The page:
in single file only led to a flat table-land on which the Boers had commenced to dig a trench; while in front there were several lines of schansjes. The night was pitch dark, and our men were not discovered till they were within thirty yards of the first schansje. The Boers fired one volley and fled precipitately. The second line poured in a heavy fire, but also fled at their approach. The cheer with which our men rushed into them was heard by the troops in the camp below, and told them that the attack had succeeded. It was now four o'clock in the morning; the mountain top was shrouded with mist, but at eight o'clock it lifted, and immediately the Boers, who had evidently been preparing, opened a terrific cross-fire with shells and rifles from the lower ground. For two hours the men were under the heaviest shell and Maxim-Nordenfeldts' fire, the latter firing off twelve shells in quick succession, each one a few inches above the other, with most deadly effect. Three times they advanced against the Boer position, and each time had to retire. This lasted till eleven o'clock, when our batteries found the Boer hitherto invisible, and immediately silenced The fight continued for the rest of the day, our men under a heavy fire pushing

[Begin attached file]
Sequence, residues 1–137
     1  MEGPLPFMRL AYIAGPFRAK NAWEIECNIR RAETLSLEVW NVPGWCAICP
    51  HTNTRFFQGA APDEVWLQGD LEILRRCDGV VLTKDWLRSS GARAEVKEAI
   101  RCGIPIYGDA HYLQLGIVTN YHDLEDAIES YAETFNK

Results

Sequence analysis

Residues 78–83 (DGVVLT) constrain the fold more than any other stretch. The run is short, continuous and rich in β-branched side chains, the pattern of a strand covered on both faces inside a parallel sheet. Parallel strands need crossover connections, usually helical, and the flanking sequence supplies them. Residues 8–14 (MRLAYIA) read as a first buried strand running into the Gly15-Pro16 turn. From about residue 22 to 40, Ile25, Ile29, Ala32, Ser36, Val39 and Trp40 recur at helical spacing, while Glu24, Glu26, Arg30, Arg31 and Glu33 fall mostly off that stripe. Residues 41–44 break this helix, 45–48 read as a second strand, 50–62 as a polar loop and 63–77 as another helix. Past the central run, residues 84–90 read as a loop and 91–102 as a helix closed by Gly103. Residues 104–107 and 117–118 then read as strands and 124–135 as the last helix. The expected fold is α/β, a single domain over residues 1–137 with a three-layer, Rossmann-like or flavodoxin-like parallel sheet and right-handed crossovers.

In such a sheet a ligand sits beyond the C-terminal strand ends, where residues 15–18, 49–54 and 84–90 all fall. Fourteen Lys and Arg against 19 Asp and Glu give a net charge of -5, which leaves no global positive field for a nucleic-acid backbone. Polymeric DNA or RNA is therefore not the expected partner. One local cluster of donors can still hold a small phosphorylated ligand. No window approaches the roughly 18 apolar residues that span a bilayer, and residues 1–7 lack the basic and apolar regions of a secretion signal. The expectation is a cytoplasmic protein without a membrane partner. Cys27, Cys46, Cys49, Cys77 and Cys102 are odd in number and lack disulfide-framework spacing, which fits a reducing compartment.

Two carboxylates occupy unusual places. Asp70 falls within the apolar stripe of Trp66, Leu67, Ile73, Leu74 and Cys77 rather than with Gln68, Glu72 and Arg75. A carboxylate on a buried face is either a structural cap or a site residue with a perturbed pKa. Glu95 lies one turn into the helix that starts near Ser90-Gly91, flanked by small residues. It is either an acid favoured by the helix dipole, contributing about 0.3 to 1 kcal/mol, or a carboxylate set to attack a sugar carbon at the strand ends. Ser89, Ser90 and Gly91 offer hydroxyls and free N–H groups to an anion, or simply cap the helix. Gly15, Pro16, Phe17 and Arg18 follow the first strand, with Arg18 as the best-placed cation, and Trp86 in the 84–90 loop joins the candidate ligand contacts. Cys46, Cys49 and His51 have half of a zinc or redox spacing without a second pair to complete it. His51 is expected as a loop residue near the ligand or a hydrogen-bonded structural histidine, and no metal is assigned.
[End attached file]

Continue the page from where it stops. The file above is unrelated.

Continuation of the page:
guns, almost them.
Was such a decision necessary? Was it necessary for our guns to fire upon our own men? Was it necessary to retreat at all from the key of the position, which our men had won? Was it necessary to
leave the momentous decision on which hung the fate of Ladysmith-of the campaignon the shoulders of a major of mounted infantry, a corps in the nebulous condition that leaves the men uncertain whether they are fish or fowl? We heard that the Boers were galloping wildly about, their